n movieland, the third dimension is typically the province of big budget animated flicks and franchise fare. But, this weekend, theatres are handing out the special glasses for decidedly artier fare: Werner Herzog's documentary about Paleolithic cave paintings, Cave of Forgotten Dreams. Has the acclaimed German director (Grizzly Man, Aguirre: The Wrath of God) managed to de-cheese the technology as he immerses audiences in ancient caverns? (Watch the film's trailer.)
Yes, Cave is an amazing use of 3D: I typically associate 3D movies with cheap thrills and overblown franchises, but Herzog's use of it is a "stroke of genius," says Leah Carroll in The Atlantic. It's the "perfect combination of unexpected yet inevitable," a brilliant way to capture the startling beauty of Paleolithic cave paintings and the human impulse to create. Clearly, 3D technology can do more than inflate the ticket prices of tent-pole flicks.
"Werner Herzog's Cave of Forgotten Dreams: 3-D done right"
And wonderfully subtle: Herzog and his cinematographer Peter Zeitlinger use the added dimension in a "lovely, quiet, enveloping way" says Michael Phillips in the Chicago Tribune. The result is a film that "takes you to a place you won't soon forget" and serves as a refreshing alternative to the "animated mediocrities and bombastic live-action attractions slapped with the 3D label."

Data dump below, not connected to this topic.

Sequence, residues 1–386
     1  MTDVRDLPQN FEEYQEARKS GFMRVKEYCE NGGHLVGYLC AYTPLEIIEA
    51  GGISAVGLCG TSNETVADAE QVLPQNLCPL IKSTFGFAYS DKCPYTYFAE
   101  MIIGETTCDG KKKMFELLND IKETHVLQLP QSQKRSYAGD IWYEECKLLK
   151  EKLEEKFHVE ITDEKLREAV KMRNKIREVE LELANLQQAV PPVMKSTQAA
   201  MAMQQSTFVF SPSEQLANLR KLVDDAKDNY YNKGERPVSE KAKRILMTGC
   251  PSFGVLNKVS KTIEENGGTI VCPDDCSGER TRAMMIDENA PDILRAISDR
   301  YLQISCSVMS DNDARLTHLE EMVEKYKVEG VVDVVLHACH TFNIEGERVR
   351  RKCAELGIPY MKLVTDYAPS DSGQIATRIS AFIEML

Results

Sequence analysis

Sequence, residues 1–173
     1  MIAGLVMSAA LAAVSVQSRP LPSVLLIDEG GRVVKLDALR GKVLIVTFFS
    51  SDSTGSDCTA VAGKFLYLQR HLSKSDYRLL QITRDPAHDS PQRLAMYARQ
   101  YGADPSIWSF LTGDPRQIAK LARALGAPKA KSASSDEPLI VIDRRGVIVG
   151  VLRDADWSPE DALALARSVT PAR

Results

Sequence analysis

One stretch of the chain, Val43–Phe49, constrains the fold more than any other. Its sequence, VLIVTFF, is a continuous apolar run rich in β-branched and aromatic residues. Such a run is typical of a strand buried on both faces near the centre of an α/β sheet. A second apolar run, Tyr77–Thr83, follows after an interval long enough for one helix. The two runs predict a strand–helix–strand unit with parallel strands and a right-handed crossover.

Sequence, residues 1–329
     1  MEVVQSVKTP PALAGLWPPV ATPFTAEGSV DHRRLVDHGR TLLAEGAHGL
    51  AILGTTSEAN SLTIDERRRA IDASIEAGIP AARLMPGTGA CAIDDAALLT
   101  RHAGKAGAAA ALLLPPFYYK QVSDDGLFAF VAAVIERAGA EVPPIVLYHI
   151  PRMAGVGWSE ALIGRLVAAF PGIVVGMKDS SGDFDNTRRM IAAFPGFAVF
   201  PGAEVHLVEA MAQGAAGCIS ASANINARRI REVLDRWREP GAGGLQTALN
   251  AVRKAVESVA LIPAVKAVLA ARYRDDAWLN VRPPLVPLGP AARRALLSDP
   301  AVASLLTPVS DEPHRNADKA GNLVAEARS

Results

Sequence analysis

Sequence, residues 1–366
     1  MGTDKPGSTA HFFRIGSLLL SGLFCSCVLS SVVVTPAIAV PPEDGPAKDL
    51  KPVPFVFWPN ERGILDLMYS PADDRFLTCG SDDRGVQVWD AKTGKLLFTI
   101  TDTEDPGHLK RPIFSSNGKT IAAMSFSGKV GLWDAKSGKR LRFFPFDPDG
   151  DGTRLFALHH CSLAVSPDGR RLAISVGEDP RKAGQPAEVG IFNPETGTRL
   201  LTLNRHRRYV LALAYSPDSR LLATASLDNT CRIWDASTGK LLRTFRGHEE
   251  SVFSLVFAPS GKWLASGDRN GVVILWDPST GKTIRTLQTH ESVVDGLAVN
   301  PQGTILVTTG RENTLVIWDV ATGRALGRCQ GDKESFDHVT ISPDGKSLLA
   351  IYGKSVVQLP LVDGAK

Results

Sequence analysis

"Art that stands test of time"
But at times a little blah: "The 3D is sometimes less than transporting," says Manohla Dargis in The New York Times. It's not a perfect film — the "new-agey score tended to remind me of my last spa massage" and there's an extraneous coda involving albino crocodiles — but still, "it's a blast to be inside the cave, to see these images, within 3D grabbing reach."
"Herzog finds his inner cave man"
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